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How Can A Parenting Coordinator Help Me Co-Parent?

It’s a funny thing… we need a license to drive a car, license to carry a gun, and license to marry.  But when it comes to raising our children, there’s no course book or manual.  No licensure requirements.  No formal training needed to help us be better parents.  While pre-marital parenting courses aren’t yet the norm, some more enlightened states are, however, beginning to require parenting courses before couples can finalize their divorce.  Why is the requirement of completing a parenting course prior to the divorce on the rise in family law?  What was the impetus of such a seemingly burdensome requirement?  There has been an acknowledgement and  recognition by family law practitioners and family law courts that co-parenting, especially in high-conflict divorces, requires communication between two people who are separating their lives.  Typically, the poor communication skills that often fueled the separation in the first place, carry-over into the post-marital interactions having a severe and significant negative impact on the children.  In order to avoid or reduce these negative impacts on the children of divorce, parenting courses, parenting coordinators, and other professionals are available to help families transition into this post-divorce life and enable them to co-parent in the best interests of their children.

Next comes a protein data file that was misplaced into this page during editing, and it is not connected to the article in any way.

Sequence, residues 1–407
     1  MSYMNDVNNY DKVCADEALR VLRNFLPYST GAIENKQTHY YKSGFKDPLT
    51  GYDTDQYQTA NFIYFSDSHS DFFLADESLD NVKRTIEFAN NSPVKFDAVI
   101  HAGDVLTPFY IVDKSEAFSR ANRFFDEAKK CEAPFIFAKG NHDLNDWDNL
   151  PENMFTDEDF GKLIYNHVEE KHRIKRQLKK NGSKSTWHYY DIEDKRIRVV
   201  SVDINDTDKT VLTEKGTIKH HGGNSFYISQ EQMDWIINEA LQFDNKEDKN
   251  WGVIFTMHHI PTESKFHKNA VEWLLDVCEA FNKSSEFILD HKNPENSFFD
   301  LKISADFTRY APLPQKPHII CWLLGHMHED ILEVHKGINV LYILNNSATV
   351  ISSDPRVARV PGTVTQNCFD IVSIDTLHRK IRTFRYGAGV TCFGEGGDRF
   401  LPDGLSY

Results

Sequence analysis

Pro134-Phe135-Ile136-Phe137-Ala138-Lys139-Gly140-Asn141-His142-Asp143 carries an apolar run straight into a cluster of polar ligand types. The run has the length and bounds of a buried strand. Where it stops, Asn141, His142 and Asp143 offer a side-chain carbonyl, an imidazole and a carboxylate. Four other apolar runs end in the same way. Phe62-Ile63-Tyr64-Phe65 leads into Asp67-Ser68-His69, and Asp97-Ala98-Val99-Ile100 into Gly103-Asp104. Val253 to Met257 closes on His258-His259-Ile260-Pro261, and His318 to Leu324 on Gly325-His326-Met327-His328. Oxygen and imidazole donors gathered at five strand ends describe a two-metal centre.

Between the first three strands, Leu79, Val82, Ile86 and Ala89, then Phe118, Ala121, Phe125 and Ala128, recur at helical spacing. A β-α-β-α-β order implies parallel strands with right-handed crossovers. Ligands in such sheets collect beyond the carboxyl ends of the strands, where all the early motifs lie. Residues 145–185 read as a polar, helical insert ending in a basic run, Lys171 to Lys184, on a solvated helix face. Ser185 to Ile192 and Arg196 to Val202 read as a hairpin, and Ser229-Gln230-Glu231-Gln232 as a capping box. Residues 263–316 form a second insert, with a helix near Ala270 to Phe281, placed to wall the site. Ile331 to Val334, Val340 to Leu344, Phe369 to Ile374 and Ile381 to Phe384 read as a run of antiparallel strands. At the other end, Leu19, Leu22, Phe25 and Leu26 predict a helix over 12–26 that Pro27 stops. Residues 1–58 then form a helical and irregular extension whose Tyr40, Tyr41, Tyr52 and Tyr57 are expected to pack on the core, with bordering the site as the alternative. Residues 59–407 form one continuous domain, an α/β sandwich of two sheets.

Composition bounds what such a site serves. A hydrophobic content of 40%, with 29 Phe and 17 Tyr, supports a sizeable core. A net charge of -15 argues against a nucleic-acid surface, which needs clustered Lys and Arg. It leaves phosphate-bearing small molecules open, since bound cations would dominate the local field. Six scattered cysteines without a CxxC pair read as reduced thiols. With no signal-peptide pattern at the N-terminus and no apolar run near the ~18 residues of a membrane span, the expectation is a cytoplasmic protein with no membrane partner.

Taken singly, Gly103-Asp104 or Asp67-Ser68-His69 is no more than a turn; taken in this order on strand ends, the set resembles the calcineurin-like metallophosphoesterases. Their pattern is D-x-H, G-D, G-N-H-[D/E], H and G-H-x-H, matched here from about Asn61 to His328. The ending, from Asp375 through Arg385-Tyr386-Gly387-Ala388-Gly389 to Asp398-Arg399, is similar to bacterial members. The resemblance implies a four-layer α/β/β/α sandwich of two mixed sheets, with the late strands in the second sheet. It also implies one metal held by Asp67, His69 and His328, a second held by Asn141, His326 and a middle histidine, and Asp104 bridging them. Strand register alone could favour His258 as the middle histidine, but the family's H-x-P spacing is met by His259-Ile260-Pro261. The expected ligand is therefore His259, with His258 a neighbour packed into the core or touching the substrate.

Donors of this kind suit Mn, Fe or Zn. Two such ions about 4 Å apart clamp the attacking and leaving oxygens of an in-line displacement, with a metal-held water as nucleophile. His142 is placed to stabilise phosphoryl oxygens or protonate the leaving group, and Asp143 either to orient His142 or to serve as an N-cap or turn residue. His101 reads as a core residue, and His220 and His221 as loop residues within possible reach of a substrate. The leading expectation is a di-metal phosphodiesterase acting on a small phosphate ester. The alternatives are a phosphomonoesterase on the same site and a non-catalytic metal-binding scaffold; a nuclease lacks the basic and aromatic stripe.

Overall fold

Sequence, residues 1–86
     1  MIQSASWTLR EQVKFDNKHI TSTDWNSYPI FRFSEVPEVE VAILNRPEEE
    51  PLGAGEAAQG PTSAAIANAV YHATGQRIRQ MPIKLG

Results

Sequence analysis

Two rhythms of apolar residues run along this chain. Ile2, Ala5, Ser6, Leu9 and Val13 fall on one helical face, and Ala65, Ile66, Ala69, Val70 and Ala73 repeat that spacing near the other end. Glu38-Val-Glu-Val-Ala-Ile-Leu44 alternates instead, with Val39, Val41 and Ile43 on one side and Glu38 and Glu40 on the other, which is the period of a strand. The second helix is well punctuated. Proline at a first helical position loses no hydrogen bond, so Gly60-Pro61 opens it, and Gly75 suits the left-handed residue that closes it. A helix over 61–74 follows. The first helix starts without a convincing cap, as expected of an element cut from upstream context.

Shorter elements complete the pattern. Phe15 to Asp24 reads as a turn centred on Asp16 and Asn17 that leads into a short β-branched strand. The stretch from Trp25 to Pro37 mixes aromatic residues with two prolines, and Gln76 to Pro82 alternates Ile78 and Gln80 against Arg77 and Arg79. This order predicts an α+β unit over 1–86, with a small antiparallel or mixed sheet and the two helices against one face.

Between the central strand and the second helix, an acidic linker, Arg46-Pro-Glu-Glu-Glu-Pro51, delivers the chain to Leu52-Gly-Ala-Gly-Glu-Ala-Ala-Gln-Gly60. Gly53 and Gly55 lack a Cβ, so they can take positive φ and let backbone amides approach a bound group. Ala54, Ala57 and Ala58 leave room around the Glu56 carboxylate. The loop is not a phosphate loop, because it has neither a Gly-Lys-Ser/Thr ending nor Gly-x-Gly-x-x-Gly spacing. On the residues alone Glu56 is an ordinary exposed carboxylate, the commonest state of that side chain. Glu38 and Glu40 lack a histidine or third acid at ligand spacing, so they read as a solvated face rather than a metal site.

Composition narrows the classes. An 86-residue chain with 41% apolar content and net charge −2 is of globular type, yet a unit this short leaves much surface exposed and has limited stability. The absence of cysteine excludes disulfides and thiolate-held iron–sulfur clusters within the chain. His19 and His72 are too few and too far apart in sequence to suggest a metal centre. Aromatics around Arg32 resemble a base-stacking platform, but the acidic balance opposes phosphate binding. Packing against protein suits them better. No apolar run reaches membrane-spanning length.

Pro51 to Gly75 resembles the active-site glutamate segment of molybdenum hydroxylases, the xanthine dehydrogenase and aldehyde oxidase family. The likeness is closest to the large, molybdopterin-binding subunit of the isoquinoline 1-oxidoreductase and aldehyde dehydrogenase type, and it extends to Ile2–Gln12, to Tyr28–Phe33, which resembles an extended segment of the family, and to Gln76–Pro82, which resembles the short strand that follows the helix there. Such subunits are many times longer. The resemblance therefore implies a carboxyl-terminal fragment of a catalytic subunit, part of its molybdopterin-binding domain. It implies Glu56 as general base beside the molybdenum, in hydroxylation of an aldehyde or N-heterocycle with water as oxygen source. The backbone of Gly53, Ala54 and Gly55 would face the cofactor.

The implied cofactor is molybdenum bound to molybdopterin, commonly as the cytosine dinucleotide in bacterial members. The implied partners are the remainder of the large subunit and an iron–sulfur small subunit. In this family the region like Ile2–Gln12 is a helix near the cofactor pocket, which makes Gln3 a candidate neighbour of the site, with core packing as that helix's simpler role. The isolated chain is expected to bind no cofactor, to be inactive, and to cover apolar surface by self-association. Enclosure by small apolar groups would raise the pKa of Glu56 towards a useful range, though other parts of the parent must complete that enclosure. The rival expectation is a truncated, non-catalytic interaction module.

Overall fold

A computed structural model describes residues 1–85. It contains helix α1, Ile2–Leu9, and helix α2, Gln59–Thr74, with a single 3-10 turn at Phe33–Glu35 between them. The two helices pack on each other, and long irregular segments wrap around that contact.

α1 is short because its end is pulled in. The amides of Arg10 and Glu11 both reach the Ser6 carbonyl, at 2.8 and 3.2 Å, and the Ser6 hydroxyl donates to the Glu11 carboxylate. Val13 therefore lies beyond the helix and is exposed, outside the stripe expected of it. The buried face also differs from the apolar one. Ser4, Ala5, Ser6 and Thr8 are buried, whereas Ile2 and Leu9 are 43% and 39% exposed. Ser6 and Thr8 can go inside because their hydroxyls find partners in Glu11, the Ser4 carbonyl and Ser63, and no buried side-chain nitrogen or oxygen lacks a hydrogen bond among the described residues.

There is an emerging profession on the horizon:  Qualified Parenting Coordinator.  Don’t feel badly if you have no idea what the heck that means… until a few months ago, neither did I.  I had no clue that there was someone who, by choice, works with individuals in high-conflict divorce cases to resolve important conflicts relating to co-parenting challenges.  What I’ve learned is that when all else fails, the Parenting Coordinator is the referee, the umpire, the objective third-party, the masochist in some cases, who can step in and facilitate a resolution that is truly designed to be in the best interest of the children.

If you are co-parenting with your former spouse, perhaps the term “co-parent” seems to be more of an oxymoron than a reality.  Do any of these statements sound familiar?

·       “You were supposed to drop off the kids by 5:00 p.m., and it’s now 5:30 p.m.  You are always late.  I’ll see you in Court.”

·       “How dare you leave our 12-year old home alone with that tramp!  Let’s see what the judge has to say about this!”

·       “You can’t talk to me like that in front of our kids!  I’m filing a Petition!”

Next to the divorce itself, co-parenting is the single-most cause high-conflict divorcees use to perpetuate litigious behaviors, resulting in unnecessary stress on the children, exorbitant legal fees, and a burden on an already over-extended court system.  Lawyers don’t want to (but must) bill their clients for what they perceive to be non-legal work, and judges certainly don’t want to waste the Court’s valuable time adjudicating parental matters.